1. Watch your opponent’s positioning at the table and body language to possibly see if they will serve short or long.
  2. Next, watch their backswing, contact point, and where the ball contacts their side of the table.  At this point, you need to start adjusting your feet while keeping your hand in front.
  3. Next, watch as the ball contacts your side of the table.  If it hits in the first half (near the net), then it will likely be short and you need to adjust in with your legs, upper body, and racket.  If it hits in the back half of the table, then it will likely be long enough to loop.  These balls will vary based on spin as well.
  4. Next, if the serve is half-long, then prepare to loop by keeping your knees bent, adjusting near the table with your body, and shortening your backswing while starting at the appropriate height and angle.  If it is heavy backspin, then start lower and open your angle.  If it is no-spin, then start higher and close your angle slightly.  If the serve is fast and long, then give yourself plenty of space from the table, start at the appropriate height, let the ball come back, then spin the ball.
  5. Next, focus on spinning the ball with good placement.  The more spin that you are able to create when looping this serve, the easier it will be to control the ball.  Without applying enough spin, your opponent’s spin with bite into your rubber and cause more errors.  Generally, you should loop the half-long balls with about 30-60% power and you should loop the deep serves with about 50-80% power.

Avoid the following mistakes with your looping serve in table tennis:

  1. Neglecting to watch your opponent’s racket
  2. Neglecting to move your feet based on the opponent’s racket angle and incoming ball
  3. Neglecting to adjust your racket starting position based on the opponent’s spin
  4. Neglecting to make a secondary adjustment with your feet
  5. Neglecting to apply enough spin to the ball

Samson Dubina

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Strive for Dexterity in Table Tennis – Samson Dubina

Jena Newgarden
Every table tennis player should strive for dexterity.  This is a skill that some players are naturally more gifted with and some players are not.  The good news is that it can be trained as well.  So what is dexterity?

Dictionary Definition of “Dexterity”

dex·ter·i·ty

noun \dek-ˈster-ə-tē, -ˈste-rə-\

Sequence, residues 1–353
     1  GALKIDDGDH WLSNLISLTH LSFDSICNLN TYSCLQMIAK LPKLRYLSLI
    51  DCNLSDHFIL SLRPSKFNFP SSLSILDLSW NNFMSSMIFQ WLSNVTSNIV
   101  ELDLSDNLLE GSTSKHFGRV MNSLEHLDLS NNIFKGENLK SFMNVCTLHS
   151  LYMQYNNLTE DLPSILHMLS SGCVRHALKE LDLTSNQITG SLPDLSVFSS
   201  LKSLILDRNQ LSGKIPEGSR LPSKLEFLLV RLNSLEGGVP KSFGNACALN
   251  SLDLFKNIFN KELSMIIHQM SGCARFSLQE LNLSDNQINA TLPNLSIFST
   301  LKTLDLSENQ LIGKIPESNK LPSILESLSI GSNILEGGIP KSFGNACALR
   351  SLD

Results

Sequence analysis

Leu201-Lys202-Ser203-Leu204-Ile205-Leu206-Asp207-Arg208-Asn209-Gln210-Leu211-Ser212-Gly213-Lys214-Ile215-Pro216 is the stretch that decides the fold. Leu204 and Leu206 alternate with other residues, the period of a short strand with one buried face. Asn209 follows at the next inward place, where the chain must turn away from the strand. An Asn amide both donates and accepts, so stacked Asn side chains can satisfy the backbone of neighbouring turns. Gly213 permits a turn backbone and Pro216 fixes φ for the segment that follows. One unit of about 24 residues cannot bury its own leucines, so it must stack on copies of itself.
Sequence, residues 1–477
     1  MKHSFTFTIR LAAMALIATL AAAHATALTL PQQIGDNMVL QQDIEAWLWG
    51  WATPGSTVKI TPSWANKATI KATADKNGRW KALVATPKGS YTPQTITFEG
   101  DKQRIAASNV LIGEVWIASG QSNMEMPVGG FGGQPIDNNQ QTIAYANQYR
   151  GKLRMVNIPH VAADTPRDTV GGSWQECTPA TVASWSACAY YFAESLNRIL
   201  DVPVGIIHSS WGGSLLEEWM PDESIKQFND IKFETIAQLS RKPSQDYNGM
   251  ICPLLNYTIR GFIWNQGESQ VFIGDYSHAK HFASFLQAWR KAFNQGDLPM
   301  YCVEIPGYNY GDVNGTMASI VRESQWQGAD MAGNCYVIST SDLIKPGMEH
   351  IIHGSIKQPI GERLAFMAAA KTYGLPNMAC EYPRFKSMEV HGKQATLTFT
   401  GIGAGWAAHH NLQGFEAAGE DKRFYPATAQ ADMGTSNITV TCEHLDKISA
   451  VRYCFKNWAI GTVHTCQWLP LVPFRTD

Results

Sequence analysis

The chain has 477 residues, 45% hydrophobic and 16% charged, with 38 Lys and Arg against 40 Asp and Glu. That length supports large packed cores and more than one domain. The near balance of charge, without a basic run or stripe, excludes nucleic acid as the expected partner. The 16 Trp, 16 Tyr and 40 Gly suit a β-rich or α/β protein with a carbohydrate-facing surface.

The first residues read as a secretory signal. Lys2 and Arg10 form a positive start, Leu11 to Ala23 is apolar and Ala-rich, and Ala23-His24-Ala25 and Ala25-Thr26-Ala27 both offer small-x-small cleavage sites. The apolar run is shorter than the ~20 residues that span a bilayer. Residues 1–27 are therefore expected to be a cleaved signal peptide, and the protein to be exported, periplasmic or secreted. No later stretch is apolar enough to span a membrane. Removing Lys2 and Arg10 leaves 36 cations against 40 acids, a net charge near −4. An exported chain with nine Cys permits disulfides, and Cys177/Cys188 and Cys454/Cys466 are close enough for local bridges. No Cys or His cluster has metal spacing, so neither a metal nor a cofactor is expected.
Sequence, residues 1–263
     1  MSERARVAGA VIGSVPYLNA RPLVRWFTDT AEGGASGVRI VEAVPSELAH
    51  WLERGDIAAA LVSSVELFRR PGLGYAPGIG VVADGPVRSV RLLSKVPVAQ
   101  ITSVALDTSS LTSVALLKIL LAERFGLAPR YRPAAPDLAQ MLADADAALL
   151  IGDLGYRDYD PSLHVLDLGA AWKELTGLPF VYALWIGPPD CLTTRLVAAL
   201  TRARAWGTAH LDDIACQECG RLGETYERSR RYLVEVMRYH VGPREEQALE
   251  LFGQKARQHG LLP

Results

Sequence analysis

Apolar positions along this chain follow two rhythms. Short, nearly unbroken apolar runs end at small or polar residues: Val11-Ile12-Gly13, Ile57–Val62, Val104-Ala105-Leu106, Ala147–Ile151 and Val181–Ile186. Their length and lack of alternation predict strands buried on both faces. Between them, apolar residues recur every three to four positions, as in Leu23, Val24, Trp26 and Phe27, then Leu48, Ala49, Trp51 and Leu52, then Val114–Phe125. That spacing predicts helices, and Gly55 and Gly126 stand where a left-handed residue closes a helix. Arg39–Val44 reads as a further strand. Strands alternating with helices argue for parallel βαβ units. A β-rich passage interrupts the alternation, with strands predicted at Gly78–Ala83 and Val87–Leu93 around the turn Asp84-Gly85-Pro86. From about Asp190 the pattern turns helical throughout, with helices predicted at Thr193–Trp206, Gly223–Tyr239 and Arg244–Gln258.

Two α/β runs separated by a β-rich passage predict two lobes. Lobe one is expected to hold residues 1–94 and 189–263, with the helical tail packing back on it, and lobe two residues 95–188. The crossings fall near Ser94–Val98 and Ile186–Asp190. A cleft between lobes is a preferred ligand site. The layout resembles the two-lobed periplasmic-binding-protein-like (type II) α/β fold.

: the ability to use your hands skillfully

: the ability to easily move in a way that is graceful

: clever skill : the ability to think and act quickly and cleverly

In regards to table tennis, dexterity can mean several different things.  It can mean…

1. Having the ability to learn a new stroke

2. Having the ability to relax even while swinging hard

3. Having the ability to be extremely precise and accurate

4. Having the ability to put impart speed and spin on the ball with very little effort

5. Having the ability to adjust the stroke for various types of balls

I will focus on the fifth type of dexterity in table tennis.

Dexterity is the ability to adjust to various aspects of the ping pong ball – adjust to the speed of the ball, adjust to the placement of the ball, adjust to the depth of the ball, adjust to the height of the ball and adjust to the spin on the ball.  I will use the forehand loop as my example.

In order to develop more dexterity in your forehand loop, you must be able to adjust your swing based on the different speeds of the incoming balls.  Ask your table tennis training partner to block to your forehand and vary the speed of the block – sometimes slightly harder and sometimes slightly slower.  Keep your racket in front and backswing once you see the approaching ball.  If the ball is blocked quickly, then shorten your loop while still generating a lot of spin.  Always keep your weight leaning forward and contact the ball in front of your body.

In order to develop more dexterity in your forehand loop, you must be able to adjust your swing based on the placement of the incoming balls.  Ask your training partner to move the ball around in the forehand 50% of the ping pong table.  Watch your opponent’s racket and adjust your feet into position before swinging.  Once your feet are set, then take a swing.  If you are in good position, loop slightly harder with a longer swing.  If you are off-balance and forced to reach or lean for the ball, shorten your swing, focus on control, brush the ball with spin, then get in better position for the next loop.